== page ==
Escargot Builders Log
March 27, 2000
A trip to the store to get more 1/4 inch ply. I am using what my lumber yard calls Maranti. Seems to be very good wood with few voids. Price is about $16 a sheet. I need maybe two more to finish off the three remaining frames. I will also check on 3/8 inch ply. This is used on the sides and ends.
March 31, 2000
I finished Frame 2 yesterday and bought a used outboard last night. I was nervous about a used motor. He said he thought it was from 70’s, but according to my manual, another $25 by the way, they didn’t make a 6 HP until 1985 or so… or perhaps it is from well before the early 70’s. It has been rebuilt in the past eight hours of use I am told. Seems to run well, but time will tell. Tonight I will connect a flusher to it and start it up. Tomorrow I will start adding the epoxy fillets to the frames. This can get nasty and expensive. I am sure Alex will enjoy this part! I will really take my time here. My lumber yard, BTW, has only 3/8 inch AC ply. I want Marine so I will go elsewhere. Time seems to be such a factor in this.
I should admit that I have started two previous boats. My first ill conceived project was a very long boat called Tennessee by Phil Bolger. It was too long. It just wouldn’t fit in my garage, so I decided to make a few changes. Bad idea given my skills at the time and the laughably incomplete nature of the plans I bought. It was rescued from me by a friend and is now rotting in HIS yard.
My next attempt was a 3 meter Trimaran racing boat. That I finished, although it was heavy, slightly crooked, and ended up rotting away after about 8 years. I stripped the parts off it and dumped it. I did use it pretty frequently for two racing season and had a blast in it learning to sail. When my second child arrived and medical complications arose with my son, I could no longer take off for a weekend of sailing. Plus I seem to have a short attention span… been there done that syndrome.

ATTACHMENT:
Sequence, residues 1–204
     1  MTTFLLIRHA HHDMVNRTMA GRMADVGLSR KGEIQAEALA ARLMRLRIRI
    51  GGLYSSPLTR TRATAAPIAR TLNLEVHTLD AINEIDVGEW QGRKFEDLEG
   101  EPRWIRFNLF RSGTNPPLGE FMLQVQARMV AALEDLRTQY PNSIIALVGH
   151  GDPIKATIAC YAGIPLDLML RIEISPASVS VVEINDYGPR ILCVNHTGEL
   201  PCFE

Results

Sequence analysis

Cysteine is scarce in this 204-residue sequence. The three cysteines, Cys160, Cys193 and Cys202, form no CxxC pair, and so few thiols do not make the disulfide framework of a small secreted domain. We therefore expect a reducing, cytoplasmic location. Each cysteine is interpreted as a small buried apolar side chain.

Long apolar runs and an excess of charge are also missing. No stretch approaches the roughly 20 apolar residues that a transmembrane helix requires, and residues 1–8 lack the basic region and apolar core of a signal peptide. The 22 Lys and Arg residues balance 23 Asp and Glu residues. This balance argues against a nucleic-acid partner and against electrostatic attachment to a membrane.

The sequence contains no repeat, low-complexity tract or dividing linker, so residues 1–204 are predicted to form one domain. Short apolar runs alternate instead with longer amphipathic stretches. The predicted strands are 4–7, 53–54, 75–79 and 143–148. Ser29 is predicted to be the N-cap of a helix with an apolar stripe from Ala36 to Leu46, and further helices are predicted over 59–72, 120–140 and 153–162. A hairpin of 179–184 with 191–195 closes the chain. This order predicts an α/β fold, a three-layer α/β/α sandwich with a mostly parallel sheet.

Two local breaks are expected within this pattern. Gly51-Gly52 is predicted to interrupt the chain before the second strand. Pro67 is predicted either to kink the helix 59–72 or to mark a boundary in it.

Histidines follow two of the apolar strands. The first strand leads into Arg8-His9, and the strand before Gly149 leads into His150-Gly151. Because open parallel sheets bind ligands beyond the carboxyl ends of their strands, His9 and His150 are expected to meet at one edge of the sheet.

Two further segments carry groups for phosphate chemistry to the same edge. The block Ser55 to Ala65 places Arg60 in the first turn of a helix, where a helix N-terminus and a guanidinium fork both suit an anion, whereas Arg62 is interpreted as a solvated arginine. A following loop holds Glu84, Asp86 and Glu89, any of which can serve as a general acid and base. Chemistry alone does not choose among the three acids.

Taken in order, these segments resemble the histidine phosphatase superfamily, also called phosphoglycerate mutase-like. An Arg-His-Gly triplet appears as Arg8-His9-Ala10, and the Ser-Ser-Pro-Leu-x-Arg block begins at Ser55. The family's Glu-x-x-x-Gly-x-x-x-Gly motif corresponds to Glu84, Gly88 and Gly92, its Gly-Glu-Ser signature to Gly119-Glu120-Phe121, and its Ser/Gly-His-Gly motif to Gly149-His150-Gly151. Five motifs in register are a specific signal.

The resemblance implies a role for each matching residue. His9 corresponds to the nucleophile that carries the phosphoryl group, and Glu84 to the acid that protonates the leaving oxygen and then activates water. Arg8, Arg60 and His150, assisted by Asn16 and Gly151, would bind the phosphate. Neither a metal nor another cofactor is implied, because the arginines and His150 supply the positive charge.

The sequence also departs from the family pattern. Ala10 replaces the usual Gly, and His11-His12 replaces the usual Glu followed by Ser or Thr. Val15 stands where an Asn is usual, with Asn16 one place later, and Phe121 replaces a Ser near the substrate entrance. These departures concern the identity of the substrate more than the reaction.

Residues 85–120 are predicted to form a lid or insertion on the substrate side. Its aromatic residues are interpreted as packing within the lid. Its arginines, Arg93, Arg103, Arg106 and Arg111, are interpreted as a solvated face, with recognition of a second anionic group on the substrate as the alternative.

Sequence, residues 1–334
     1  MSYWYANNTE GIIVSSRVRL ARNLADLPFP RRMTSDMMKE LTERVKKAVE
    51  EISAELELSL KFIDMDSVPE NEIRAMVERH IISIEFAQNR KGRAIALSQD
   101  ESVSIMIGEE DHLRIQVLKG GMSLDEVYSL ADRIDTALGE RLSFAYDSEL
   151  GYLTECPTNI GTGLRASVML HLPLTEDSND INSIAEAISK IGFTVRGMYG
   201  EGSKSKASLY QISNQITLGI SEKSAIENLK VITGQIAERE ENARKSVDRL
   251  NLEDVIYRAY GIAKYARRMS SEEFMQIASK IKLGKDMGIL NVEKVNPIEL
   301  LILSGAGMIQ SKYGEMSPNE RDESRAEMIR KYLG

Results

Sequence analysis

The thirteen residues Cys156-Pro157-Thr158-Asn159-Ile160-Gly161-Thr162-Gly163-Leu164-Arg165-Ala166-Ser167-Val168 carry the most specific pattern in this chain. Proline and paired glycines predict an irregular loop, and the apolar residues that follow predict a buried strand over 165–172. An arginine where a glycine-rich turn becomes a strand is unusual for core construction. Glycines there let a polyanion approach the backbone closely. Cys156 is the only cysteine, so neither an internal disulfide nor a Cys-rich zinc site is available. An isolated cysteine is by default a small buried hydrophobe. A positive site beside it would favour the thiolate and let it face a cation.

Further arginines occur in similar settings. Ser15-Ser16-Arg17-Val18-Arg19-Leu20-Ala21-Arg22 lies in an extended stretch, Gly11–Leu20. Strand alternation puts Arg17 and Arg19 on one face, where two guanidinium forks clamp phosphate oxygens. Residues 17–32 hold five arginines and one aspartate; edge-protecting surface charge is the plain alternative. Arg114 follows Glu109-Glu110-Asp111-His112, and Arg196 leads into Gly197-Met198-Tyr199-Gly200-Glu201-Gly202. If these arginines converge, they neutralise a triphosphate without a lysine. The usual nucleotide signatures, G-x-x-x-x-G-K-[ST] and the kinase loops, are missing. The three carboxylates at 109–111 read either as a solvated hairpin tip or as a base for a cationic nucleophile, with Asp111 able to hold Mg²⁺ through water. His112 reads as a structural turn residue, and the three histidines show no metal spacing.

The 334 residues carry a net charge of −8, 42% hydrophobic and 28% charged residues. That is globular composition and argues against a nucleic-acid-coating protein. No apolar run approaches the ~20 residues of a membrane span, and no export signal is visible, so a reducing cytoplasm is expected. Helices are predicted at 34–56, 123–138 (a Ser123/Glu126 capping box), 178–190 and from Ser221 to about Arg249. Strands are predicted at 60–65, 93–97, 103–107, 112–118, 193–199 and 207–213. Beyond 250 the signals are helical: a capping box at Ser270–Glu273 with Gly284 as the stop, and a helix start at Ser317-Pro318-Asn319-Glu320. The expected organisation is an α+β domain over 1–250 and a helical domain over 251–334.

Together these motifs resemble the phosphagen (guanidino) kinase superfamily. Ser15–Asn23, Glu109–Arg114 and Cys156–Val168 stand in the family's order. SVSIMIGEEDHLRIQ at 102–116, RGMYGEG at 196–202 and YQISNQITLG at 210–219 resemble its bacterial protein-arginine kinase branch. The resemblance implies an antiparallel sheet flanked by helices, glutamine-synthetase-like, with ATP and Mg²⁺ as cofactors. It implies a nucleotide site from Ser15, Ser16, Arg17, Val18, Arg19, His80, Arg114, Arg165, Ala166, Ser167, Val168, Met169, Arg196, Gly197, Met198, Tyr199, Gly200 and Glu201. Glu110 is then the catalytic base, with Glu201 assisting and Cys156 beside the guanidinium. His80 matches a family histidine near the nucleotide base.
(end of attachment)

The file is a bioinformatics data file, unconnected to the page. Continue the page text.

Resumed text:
When in a bad mood I think of these as failures. When more clear headed I think of how much I learned that will help me in this project. This one won’t be perfect, but it will be better.
A small few who know me seem to enjoy bringing up the ghosts of these projects. I don’t think you would be surprised to know that these same people have never built a boat in their lives.
At night: Oh what a roller coaster of a day it has been. Last night as I headed out the door to buy the outboard, my wife Karen called to me, “Don’t you think it would be better to buy a NEW motor?” No… I was convinced. This used motor, at $400, gas tank, fuel lines, and flushing adapter included, could be about $1000 dollars less than a new one. $1000!
“Well”, she says, “I would just hate for you to have to spend the $400 and then spend the $1400 for a new one when it breaks down.”
She had a point, but I wanted to take the gamble. If it paid off, I could spend the money saved on something else for the boat such as a marine radio. Radios are cool. Ever since I was a kid I had loved radios. Eventually, I became a Ham, and then made a career of being a classical music announcer at KING FM. Gotta have radios on the boat.
When I arrived to inspect the bargain in waiting, it was ready to test in a 55 gallon drum. One pull and it was purring, quietly, A little smoke, but probably due to a higher than needed oil to fuel ratio. This was older 2 cycle technology. The gas and oil are mixed together in the gas tank.
We got along famously. His dog, it turns out, was a seeing eye dog for his blind brother who is also profoundly hearing impaired. My own son has a moderate to severe hearing loss too. We don’t talk of it directly, but in our chance meeting we share a rare glimpse of understanding. I don’t share with many my feelings for the challenges my son has faced…that I have faced.
I sign some paperwork he has drawn up, something about “he hereby sells an outboard to me”. As I leave he says to be sure to flush it out, “it hasn’t run in quite some time”. We load it up and I drive home. The power source for my river dream waits for morning for its trial run at home.